The courtyard inside the gate was full of people. They were the officials in service of the dukedom who had been urgently summoned in the name of Kong Li to celebrate the crowning of the new Duke. They stood looking bewildered and incredulous, not knowing what to do. On the platform facing the crowd, young Kong Li was straggling against his stepmother Bo Chi and his uncle Meng Gui who were trying to force him to make the public announcement.
Zilu shouted at the top of his lungs toward the platform. “What’s the meaning of making Kong Li a captive? Let Kong Li go! Killing Kong Li won’t eliminate the men of justice!”
Zilu wanted to rescue his young master first. Once the crowd turned quiet and turned toward him, Zilu tried to incite them into action. “The ex-crown price is a known coward. If we set fire to the platform, he will surely be scared into letting Kong Li go. Let’s set fire! Let’s burn it!”
It was already at dusk, and there were torches burning in the corners of the courtyard. Pointing toward the torches, Zilu shouted, “Get the fire! Get the fire! You owe it to the late Master Kong! Set fire to the platform! Save the Young Master!”
The conspirators on the platform panicked and ordered two warriors Shi Qi and Yu Yan to kill Zilu.
Zilu fought hard against the two. As good as he was, his advancing age betrayed him. Zilu started to tire, and his breath became raspy. Seeing Zilu at disadvantage, the crowd finally picked their side. Abuses were hauled at Zilu, and stones and sticks flew at him. One attacker’s halberd blade swiped Zilu’s cheek. The belt of his official’s cap was severed, and the cap started to drop. When Zilu tried to support the cap with his left hand, the other attacker’s blade dug into his shoulder. Blood gushed out, Zilu lost his balance, and his cap dropped. Falling, Zilu grabbed his official’s cap and quickly tied back into the correct position. With the enemy swords coming down upon him, Zilu, drenched in his own blood, put all his remaining strength into one last yell, “Look! A junzi keeps his proper attire when he dies!”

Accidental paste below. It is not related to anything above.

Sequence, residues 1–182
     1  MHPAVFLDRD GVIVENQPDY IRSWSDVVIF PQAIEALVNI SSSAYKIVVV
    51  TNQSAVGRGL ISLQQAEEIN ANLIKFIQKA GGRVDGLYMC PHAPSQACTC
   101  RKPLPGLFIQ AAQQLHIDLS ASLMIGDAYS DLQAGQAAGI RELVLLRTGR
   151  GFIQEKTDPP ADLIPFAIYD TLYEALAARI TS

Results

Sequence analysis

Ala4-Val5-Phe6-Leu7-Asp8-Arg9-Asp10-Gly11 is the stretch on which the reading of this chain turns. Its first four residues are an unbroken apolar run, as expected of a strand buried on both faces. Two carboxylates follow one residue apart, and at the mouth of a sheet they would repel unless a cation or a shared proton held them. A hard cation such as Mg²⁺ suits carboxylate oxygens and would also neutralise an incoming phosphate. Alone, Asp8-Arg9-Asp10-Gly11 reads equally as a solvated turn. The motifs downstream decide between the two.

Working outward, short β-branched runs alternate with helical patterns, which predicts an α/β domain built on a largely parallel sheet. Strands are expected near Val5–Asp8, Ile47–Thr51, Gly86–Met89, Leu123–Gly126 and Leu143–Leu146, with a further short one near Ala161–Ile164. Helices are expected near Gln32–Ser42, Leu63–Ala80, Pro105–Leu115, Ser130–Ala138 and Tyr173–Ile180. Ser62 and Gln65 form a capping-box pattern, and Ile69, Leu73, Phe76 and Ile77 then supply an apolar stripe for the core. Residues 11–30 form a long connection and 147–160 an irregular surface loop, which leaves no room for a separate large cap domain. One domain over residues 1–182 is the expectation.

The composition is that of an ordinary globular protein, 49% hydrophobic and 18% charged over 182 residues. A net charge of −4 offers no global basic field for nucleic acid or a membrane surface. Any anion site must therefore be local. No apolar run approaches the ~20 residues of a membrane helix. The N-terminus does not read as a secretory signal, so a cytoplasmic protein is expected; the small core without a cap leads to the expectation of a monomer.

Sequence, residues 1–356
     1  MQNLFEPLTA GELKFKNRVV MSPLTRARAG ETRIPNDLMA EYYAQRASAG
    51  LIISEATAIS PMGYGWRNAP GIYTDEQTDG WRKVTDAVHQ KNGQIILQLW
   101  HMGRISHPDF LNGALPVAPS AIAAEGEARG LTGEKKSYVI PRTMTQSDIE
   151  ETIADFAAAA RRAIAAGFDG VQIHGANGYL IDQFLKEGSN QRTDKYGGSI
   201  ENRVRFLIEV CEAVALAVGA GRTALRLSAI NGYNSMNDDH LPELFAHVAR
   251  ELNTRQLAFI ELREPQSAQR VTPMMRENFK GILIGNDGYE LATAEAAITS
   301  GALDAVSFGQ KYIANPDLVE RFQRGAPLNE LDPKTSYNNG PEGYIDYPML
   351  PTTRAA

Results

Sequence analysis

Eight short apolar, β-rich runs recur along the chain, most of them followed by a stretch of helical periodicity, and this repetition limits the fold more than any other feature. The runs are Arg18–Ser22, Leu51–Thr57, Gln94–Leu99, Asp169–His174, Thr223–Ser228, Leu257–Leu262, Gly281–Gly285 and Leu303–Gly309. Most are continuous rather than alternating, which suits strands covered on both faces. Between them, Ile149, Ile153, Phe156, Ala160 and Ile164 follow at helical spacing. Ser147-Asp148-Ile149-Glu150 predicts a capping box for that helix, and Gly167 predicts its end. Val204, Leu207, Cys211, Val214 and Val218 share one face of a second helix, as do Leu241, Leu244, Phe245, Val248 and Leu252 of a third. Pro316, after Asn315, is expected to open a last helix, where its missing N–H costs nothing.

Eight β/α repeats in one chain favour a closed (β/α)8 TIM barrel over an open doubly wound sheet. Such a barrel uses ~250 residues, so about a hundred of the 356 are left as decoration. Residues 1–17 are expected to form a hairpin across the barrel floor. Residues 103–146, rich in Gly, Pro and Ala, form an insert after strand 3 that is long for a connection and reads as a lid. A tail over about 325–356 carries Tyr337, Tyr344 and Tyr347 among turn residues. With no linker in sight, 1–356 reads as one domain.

Zilu died, hacked into pieces.
Confucius was at home in Lu. Upon hearing
the news of the coup in Wei, he immediately said, “Chai (Zi Gong) will come
back, but Yu (Zilu) will die.” When he learned that his words came true, the
old sage stood in silence. After a time, tears streamed down his cheeks. When
he heard that Zilu’s body was salted (so that his body would stay on display without rotting), Confucius ordered all the salted food in
his household to be thrown away, and never let salted food on his table again.
Atsushi Nakajima, "Deshi" ("The Disciple")
Nobuko Miyama Ochner, "The Disciple," Southern Humanities Review, Vol 32, No. 2 (Spring 1998), pp. 137-172.